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Author Topic: What would be considered at "high-heat recipe" vs a "Low-heat recipe"?  (Read 795 times)

ILuvLucy

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I recently read this:

"Our recommendations include using extra virgin olive oil that is cold pressed for low heat recipes and using peanut oil for high heat recipes, such as frying.  Sunflower oil (not to be confused with safflower) is an acceptable alternative to olive oil.  Pure butter is good for use with practically every recipe, and butter should absolutely be a core component of every diet.   Always be watchful of the 'smoke point' temperature of an oil because smoking is an indication of dangerous bio-chemical break-down."

I usually use olive oil when mixing up salad dressings and marinades.  But I'm not exactly sure what constitutes high-heat vs. low-heat.  When I'm sauteing vegetable, would that be high heat or low heat? I never really deep-fry anything.
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milla

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Re: What would be considered at "high-heat recipe" vs a "Low-heat recipe"?
« Reply #1 on: January 26, 2013, 05:42:17 PM »
I don't know what high heat or low heat means. ...but I would like to find out! is it something to do with the temperature at which the fat starts smoking? I  use olive oil for salad dressing, stews and soups, corn oil for deep -frying ( I rarely deep-fry anyway) and ground nut (i.e. peanut oil) for stir-frying . Don't use butter for frying because it has a high smoking point. I tend do use it (sparingly) in sauces or when I do roast chicken.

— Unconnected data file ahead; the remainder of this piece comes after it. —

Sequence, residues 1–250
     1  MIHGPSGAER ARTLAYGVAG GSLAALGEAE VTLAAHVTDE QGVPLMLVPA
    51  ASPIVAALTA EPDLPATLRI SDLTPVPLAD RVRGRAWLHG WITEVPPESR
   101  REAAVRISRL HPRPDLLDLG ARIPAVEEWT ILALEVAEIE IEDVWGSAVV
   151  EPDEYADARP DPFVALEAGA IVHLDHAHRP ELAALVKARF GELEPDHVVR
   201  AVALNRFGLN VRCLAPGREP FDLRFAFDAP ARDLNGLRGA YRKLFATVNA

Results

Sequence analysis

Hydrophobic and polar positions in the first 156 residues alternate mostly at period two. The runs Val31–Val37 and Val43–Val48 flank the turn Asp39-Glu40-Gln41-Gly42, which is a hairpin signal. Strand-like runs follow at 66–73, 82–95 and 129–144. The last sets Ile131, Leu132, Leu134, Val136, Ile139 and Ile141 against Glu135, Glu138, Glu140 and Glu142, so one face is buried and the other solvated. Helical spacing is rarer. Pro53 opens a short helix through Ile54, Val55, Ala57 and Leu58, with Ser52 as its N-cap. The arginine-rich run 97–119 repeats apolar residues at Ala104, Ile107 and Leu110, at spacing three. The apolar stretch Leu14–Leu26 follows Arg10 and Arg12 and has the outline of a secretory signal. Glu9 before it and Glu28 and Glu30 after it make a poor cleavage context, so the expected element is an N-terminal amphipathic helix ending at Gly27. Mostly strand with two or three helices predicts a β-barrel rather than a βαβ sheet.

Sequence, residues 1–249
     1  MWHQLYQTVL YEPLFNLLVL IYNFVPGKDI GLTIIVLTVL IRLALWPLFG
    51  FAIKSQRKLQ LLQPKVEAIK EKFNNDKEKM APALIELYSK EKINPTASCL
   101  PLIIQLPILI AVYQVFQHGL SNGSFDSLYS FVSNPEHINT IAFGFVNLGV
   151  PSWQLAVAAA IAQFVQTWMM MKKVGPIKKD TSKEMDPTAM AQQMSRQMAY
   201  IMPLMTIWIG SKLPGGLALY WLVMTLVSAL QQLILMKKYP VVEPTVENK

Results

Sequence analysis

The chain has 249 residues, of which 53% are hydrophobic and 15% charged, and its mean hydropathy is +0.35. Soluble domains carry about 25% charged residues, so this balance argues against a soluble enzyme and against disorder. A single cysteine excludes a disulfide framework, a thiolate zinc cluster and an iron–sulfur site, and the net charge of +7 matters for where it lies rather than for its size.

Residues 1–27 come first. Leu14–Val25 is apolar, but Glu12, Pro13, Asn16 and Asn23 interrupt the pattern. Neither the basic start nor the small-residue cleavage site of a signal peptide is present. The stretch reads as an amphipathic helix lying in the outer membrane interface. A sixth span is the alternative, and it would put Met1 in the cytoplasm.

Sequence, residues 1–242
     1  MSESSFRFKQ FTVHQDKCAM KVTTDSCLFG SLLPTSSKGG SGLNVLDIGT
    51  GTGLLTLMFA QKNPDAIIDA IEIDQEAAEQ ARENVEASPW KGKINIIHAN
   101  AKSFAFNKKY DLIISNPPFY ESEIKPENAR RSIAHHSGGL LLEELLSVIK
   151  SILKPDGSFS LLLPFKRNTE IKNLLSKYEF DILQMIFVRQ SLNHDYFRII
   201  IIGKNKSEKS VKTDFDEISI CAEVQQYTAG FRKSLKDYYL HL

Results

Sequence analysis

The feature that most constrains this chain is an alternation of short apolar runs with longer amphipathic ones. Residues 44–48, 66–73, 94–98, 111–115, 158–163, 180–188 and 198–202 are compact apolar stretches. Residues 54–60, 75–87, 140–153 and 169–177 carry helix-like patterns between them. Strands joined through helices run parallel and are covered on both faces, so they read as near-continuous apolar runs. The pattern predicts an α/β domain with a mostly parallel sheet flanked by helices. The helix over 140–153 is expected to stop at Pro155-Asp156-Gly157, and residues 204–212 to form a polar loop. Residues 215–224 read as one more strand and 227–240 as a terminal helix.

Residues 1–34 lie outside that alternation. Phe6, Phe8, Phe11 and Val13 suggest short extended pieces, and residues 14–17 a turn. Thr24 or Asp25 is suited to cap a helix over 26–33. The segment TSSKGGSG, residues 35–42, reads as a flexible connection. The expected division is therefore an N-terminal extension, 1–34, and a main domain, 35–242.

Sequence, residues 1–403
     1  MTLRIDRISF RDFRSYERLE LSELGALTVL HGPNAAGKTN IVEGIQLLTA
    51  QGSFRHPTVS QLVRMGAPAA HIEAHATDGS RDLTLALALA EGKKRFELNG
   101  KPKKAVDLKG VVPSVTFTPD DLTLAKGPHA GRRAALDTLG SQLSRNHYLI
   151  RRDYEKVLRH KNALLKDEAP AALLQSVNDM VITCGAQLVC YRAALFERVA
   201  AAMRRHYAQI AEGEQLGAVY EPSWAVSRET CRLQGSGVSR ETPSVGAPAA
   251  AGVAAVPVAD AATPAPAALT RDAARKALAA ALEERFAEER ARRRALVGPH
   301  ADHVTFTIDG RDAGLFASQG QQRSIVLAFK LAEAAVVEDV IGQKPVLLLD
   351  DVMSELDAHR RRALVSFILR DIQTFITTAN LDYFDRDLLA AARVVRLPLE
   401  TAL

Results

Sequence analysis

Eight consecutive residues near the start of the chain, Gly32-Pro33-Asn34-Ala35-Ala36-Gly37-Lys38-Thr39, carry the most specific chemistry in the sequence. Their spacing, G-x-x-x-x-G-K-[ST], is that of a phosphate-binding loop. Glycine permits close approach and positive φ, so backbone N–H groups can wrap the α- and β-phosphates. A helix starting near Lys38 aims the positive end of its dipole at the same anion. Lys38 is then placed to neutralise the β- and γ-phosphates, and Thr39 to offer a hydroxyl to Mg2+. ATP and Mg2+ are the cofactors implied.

Styyna

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  • "steena"
Re: What would be considered at "high-heat recipe" vs a "Low-heat recipe"?
« Reply #2 on: January 27, 2013, 10:59:22 AM »
From Wikipedia:

Quote
Sautéing (from the French sauté, lit. "jumped, bounced" in reference to tossing while cooking)[1] is a method of cooking food, that uses a small amount of oil or fat in a shallow pan over relatively high heat. Ingredients are usually cut into pieces or thinly sliced to facilitate fast cooking. The primary mode of heat transfer during sautéing is conduction between the pan and the food being cooked. Food that is sautéed is browned while preserving its texture, moisture and flavor. If meat, chicken, or fish is sautéed, the sauté is often finished by deglazing the pan's residue to make a sauce.

Sautéing is often confused with pan frying, in which larger pieces of food (for example, chops or steaks) are cooked quickly, and flipped onto both sides. Some cooks make a distinction between the two based on the depth of the oil used, while others use the terms interchangeably.[2][3][4] Sautéing differs from searing in that searing only browns the surface of the food. Olive oil or clarified butter are commonly used for sautéing, but most fats will do. Regular butter will produce more flavor but will burn at a lower temperature and more quickly than other fats due to the presence of milk solids, so clarified butter is more fit for this use.

High heat in the above description would appear to refer to the heat coming from the burner but the food isn't in constant contact with with the pan as in frying.

My guess is that "high-heat recipes" are recipes that call for temperatures of ~400 deg. F or above while "low-heat recipes" probably are below ~300. This is just a guess based on some other Wikipedia reading I did.

The smoking point of any fat or oil is certainly a consideration when deciding which kind to use.
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